What are you most proud of ?

It is the achievement, the achievement to have everything complete and assembled. And soon to be exhibited at Made in Situ gallery! That is the most important thing for us. Achieving.


The designs proposed by Noé in this project are very demanding; pieces look simple and fluid, but each shape hides huge complexity in the curves, the balance of the lines. We were highly sensitive to this challenge.


Beyond the design of each piece, the mood of the objects, what they evoke, the fact they are solid pieces of cork in the cork blocks, there is a whole story that involves the cork, it has a beginning a middle and an end, which is very unique. The collection of furniture pieces associates comfort, with the family, with the people, with the chairs, and everything that evokes the cork atmosphere, so it is very unique!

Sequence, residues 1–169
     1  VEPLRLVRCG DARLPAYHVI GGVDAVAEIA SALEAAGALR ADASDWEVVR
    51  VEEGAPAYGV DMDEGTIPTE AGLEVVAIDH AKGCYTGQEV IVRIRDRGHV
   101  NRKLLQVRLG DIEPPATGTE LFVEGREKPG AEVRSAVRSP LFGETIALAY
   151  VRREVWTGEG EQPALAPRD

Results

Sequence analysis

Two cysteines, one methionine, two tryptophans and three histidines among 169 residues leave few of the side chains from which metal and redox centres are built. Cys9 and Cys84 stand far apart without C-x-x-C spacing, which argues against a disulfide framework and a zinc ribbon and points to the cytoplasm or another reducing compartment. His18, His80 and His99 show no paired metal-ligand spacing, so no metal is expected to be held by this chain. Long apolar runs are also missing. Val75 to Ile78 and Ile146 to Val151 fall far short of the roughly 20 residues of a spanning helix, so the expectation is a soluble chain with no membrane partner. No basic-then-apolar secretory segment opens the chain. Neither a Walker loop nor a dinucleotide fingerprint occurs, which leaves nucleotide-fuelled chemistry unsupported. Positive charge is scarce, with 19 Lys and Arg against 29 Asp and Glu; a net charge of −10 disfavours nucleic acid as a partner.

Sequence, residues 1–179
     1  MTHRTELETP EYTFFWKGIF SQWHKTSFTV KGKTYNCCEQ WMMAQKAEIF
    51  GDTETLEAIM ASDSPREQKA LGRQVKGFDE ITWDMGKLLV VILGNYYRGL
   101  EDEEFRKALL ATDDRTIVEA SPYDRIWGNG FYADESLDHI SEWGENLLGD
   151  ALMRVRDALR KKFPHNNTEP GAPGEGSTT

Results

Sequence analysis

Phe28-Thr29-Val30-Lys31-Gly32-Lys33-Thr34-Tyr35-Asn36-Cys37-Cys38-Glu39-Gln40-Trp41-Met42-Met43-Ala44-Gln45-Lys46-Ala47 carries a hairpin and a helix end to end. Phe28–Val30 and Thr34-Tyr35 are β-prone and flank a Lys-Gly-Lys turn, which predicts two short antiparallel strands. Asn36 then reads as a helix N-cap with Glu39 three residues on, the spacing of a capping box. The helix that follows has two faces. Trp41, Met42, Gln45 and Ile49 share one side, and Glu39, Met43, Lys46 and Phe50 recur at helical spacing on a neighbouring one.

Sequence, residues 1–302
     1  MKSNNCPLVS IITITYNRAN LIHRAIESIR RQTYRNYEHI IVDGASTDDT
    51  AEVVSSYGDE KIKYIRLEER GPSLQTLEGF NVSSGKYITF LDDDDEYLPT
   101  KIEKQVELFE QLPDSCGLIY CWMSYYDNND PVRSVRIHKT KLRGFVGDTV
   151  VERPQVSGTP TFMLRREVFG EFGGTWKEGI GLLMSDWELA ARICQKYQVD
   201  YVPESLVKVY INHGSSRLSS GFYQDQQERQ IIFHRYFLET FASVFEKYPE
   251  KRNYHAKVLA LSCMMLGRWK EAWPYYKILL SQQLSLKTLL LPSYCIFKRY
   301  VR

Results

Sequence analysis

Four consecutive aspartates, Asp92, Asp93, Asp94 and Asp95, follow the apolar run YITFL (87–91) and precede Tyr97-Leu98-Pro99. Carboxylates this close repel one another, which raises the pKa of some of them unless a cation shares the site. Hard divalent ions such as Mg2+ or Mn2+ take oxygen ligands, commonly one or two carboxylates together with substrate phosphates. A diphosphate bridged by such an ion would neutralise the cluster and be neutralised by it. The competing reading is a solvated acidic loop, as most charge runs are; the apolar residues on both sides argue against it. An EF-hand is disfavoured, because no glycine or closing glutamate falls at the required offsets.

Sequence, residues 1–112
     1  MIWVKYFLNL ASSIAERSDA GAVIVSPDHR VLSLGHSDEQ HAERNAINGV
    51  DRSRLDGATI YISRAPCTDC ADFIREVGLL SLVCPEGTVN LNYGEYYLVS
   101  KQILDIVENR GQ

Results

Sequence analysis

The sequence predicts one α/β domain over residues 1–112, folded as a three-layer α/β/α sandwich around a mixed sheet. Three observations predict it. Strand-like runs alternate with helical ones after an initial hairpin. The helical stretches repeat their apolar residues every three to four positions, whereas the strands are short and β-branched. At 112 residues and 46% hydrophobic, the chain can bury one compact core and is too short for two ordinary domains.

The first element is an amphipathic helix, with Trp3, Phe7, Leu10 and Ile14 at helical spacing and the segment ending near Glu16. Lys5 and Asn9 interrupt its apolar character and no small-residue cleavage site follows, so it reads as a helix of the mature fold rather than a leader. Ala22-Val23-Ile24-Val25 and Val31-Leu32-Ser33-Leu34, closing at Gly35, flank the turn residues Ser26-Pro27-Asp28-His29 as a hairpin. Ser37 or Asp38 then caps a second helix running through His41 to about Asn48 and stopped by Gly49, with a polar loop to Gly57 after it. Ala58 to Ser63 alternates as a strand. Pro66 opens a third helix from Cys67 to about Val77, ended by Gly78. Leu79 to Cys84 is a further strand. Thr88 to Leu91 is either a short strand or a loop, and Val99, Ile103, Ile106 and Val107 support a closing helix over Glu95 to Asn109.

What do you take away from this collaboration?


We have been working together on this project for more than 2 years, which is a long project for us! This “long” collaboration enabled us to participate in the different steps of the project, diving deep into process, method and solutions, forcing us to pushsome boundaries further than our usual scope of work.


In the end, our position remains the same: anything requested by the client, we achieve it, we will customise and test, learn new ways to achieve what is needed.


On a more personal note, I have two favorite pieces in the collection; the dining table which is very impressive and the chaise longue for its sculptural lines, I think they are two very unique pieces.




Photo credits:

Clément Chevelt

Nuno Sousa Dias